The complex nature of the inquiry into neurodegenerative diseases requires a variety of animal models and innovative strategies. Studying mTBI-induced neurodegeneration is additionally challenging because even though animals or human patients can recover from acute concussive symptoms in the short term, other symptoms such as impaired cognition, depression, and dementia can appear much later in life. To gain mechanistic understanding of disease onset, progression, and contributing factors, one must venture beyond population observations and into cellular and molecular manipulations. Longitudinal human and animal studies that follow the entire disease progression may be several years to several decades in length and can be very costly and difficult to carry out, which contributes to the current dearth of mechanistic findings. When compared with other animal models, Drosophila possess unique advantages such as a short lifespan, simple but conserved nervous system, a variety of genetic tools that allows for target-specific manipulation and examination, and ease and affordability of care. In this review, we have highlighted several Drosophila mTBI models, which provide the groundwork from which mechanistic insights can be obtained. Several of these models inflict mild, non-invasive, and headfirst injuries that have been shown to elicit neurodegeneration later in life, phenocopying observations from human populations. Future work using these models or modifications of these models can fill in the gaps in our understanding of neurodegeneration caused by exposure to mTBI. Finally, we highlight the potential for Drosophila models to be utilized in investigating age and sex as contributing factors to mTBI-induced neurodegeneration. Vulnerable populations like the aging population and females may require different treatment and care after mTBI exposure. Drosophila mechanisms of aging are highly conserved with humans; therefore, it is highly likely that the mechanisms related to aging-induced vulnerability to neurodegeneration are also conserved. Furthermore, though Drosophila and human sexual dimorphism are very different, the two species share remarkable similarities in reproductive pathways, which are suggested to be implicated in neurodegeneration following mTBI. Further investigation of female vulnerability is warranted. Using available Drosophila models, we can identify possible therapeutic targets that are tailored for populations that are at higher risk of developing neurodegeneration. Once possible therapeutic targets are found, Drosophila also allows for high throughput genetic screening and drug screening before moving on to higher-order preclinical and clinical studies.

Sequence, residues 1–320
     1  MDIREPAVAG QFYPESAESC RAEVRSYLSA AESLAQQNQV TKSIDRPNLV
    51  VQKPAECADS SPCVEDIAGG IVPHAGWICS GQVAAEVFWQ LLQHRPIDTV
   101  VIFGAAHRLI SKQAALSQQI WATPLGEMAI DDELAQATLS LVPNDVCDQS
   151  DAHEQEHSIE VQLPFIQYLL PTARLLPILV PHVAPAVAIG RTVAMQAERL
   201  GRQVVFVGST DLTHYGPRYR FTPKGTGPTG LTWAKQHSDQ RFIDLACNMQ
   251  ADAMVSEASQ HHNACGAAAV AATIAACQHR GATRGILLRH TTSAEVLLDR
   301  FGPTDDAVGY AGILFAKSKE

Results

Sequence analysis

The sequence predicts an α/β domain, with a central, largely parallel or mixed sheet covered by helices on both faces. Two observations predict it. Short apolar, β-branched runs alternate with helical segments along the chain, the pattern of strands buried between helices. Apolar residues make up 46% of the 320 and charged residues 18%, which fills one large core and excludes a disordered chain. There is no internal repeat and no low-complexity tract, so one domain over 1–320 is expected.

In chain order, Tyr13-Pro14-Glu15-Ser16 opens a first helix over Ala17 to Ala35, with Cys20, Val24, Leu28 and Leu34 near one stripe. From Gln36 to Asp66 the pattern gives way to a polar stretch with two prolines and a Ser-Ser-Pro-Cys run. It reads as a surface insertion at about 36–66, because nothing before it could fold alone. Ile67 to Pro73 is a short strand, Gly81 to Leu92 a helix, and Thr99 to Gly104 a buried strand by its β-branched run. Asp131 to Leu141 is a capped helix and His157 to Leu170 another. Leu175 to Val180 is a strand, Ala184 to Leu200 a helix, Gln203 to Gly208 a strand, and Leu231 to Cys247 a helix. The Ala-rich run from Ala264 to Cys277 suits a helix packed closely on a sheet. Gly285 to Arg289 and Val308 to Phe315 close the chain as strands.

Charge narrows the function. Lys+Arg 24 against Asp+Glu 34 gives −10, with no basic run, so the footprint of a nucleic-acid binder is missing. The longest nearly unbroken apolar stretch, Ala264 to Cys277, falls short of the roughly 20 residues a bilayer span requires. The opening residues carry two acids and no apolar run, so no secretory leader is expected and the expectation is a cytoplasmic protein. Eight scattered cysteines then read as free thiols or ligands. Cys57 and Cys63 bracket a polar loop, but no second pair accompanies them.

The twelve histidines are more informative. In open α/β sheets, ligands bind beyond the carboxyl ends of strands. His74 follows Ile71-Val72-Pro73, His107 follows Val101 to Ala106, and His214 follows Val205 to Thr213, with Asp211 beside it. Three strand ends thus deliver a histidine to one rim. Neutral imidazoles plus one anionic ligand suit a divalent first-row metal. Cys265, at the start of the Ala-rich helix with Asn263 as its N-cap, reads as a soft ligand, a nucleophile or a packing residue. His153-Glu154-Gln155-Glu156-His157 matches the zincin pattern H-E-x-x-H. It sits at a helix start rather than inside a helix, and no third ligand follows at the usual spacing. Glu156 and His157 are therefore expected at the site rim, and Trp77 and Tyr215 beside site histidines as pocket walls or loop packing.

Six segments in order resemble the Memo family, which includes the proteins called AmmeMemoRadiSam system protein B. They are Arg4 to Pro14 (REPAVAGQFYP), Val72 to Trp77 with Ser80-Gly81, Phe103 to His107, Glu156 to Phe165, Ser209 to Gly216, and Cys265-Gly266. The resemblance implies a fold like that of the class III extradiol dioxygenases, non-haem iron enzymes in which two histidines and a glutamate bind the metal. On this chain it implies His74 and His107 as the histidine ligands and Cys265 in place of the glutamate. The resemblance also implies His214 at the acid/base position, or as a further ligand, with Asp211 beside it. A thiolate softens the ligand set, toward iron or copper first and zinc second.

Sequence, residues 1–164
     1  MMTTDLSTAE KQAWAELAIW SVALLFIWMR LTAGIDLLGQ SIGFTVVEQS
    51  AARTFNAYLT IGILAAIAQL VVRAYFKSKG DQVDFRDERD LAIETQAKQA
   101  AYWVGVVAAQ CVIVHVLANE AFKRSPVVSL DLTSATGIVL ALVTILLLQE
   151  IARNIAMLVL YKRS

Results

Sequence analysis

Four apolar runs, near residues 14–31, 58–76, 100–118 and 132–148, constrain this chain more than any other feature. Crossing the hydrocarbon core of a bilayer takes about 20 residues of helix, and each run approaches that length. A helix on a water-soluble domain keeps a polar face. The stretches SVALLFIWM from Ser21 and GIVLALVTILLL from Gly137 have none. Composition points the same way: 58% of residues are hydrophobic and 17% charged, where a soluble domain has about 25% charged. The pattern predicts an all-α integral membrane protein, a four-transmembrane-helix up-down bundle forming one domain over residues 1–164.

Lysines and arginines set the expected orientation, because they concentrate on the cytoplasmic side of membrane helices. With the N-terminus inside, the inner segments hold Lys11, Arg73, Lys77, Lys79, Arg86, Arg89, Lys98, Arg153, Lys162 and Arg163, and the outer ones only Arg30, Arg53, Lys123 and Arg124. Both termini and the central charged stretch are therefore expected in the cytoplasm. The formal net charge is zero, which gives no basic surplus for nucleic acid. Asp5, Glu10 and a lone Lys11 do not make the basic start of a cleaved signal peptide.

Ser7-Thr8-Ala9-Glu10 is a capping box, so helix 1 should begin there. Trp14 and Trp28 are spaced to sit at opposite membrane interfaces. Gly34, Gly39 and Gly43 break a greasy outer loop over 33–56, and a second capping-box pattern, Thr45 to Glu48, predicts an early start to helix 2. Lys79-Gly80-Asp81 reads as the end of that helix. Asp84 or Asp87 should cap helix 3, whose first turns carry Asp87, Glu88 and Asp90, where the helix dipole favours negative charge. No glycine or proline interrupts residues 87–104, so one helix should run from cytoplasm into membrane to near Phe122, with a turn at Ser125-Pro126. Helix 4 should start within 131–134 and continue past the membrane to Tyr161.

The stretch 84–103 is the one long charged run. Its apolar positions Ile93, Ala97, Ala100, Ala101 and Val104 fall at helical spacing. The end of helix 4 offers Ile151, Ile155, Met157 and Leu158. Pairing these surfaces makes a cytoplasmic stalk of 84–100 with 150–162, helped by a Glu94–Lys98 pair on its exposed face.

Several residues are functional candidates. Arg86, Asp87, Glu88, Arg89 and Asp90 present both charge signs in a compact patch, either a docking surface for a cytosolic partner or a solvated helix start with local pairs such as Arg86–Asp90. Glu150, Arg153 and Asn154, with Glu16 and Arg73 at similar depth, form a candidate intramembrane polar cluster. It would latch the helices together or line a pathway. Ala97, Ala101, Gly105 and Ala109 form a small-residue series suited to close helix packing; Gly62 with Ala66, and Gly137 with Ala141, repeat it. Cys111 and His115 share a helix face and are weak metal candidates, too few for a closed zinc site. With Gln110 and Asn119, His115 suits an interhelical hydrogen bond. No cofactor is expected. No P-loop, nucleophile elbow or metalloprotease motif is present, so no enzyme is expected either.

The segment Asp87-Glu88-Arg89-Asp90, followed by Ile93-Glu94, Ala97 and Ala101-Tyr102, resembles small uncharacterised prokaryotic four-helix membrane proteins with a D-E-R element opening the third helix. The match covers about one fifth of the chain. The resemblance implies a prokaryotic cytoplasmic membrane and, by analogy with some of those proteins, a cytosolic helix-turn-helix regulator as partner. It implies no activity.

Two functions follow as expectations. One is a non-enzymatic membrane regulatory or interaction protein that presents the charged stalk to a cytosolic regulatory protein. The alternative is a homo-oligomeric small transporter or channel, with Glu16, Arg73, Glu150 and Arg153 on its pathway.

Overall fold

CY led the team effort in composing and completing this review article. CY and JB contributed a substantial amount of writing. KH and JZ contributed to the writing and editing. All authors contributed to the article and approved the submitted version.
This work is supported in part by research grants from National Institutes of Health to JZ (GM083889 and MH129019), a Pilot grant to JZ from the NIH-funded Emory Specialized Center of Research Excellence in Sex Differences (U54AG062334), a Diana Jacobs Kalman Scholarship from American Federation for Aging Research (AFAR) to CY, and a T32 training grant from National Institute of General Medicine to Emory BCDB program (1T32GM135060-01).
Conflict of interest
The authors declare that the research was conducted in the absence of any commercial or financial relationships that could be construed as a potential conflict of interest.
All claims expressed in this article are solely those of the authors and do not necessarily represent those of their affiliated organizations, or those of the publisher, the editors and the reviewers. Any product that may be evaluated in this article, or claim that may be made by its manufacturer, is not guaranteed or endorsed by the publisher.
The Supplementary material for this article can be found online at: https://www.frontiersin.org/articles/10.3389/fnins.2023.1150694/full#supplementary-material